Taking my son to see a lighthouse. Together we would hold hands and experience the nostalgia of an iconic historical architectural emblem. We would take a picture perfect selfie and ride our bikes slowly back down the hill and stop by the ice cream parlour on the way home for a treat.

We arrive at the beach house we are staying at, which is STUNNING. My son notices the TV and says “Turn it on mum” (note the absence of manners). I tell him “no, we are going to see the lighthouse, hop on your bike”. He says, “later, not now, mum. Turn it on.” I get a packed lunch ready while he chucks a tantrum.
Finally on the bike he rides really fast ahead of me, so I have to chase him up a hill in thongs. I noticed he has crapped his dacks, but he doesn’t care he is distracted by the lighthouse. He races towards it and runs through a wedding which is taking place underneath, poo appearing on his thigh.
I’m out of breath when I arrive at the lighthouse to find my kid clawing at the door, beside himself with tears. “Make it open, mum. Make it open. I want to see the lighthouse.”
The lighthouse is closed, the wedding guests are staring at me and my crap-dacked kid. I tell him there’s a pterodactyl (who knew that word started with a ‘p’) laying eggs at the lookout to get him away  from the beautiful wedding scene.
Arrive at the look out, ready for our beautiful selfie moment. The view is breathtaking. I go to show my son, but he is two busy playing with a broken wench thing. I ask him to look up at the view to see the boats and the yachts and the water and the sky and all the pretty things. He says “go away, not now, busy mum.”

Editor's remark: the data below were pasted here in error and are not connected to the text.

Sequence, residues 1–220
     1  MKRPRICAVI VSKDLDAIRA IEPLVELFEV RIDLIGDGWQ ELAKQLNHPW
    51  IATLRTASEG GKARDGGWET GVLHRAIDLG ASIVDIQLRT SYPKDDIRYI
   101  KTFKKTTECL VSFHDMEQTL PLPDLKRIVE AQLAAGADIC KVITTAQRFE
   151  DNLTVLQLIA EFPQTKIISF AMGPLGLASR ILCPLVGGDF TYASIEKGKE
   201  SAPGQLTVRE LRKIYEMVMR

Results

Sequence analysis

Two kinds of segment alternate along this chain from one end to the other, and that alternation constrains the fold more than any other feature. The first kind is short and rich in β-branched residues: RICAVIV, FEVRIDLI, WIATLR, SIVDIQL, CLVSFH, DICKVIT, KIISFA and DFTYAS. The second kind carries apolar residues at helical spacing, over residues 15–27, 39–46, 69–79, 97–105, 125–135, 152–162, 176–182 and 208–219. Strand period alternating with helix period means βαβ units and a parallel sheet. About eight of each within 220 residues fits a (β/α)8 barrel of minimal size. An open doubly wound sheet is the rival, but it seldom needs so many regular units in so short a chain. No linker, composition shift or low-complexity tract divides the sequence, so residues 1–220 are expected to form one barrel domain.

He doesn’t even look. Not once. The wench is ‘broken’ he must fix it. We spend a long time playing with it. A long time.
We ride past the ice cream parlour on the way home because the poo has reached his ankle and I had forgotten a nappy/spare jocks/spare shorts/wipes/money.

My beautiful blonde boy playing on the beach, building perfect sandcastles and Instagram-worthy moats while I relax with my Lena Dunham book on a flat, clean beach towel, skinny in a two piece bikini. No sunburn.

My son squealing with absolute fear from the huge flock of seagulls which are trying to eat his cupcake. They crowd in so fucking thick, I’m terrified they’re going to grab him and fly away with him clenched in their claws. I shoo them away, running after the birds flicking them with my hand towel (I packed the wrong beach towel from the beach house) feeling my thighs wobble in my 1990s-esque one piece complete with ‘Totally’ written in fluro font across the chest. My son somehow in all of this decides to take off his shorts, and he doesn’t wear another pair for the rest of the holiday.

There’s so many visions vs reality scenarios I could take you through (steam train ride = kid falling asleep in the cabin for most of the trip, Alfie telling the man at the IGA counter that the six pack of beer I had was “mum’s way of dealing with it”, or explaining to the fish and chip shop lady that “mum gives me chips all the time”, or asking the bikie who chased after us to give us Alfie’s forgotten thongs if he was a pirate), but you would be bored.

In saying that though, without a kid on holiday with me, I reckon I’d be bored too. Whilst there’s heaps more stress, anxiety, unsure feelings and frustrations, I kind of relate to the boat reversing man today, if holidays were as perfect as you planned, they’d be boring. If he cracked that trailer reverse in one go without anyone looking, no dogs barking, no wife directing him while live tweeting, well that would be just plain pointless.

So to the boat reversing man, you’re my hero. I hope I’m like you and cool as a cucumber next weekend when it comes to reversing our four wheeler next to the crooked beach caravan while my kid throws toys at me from the back seat.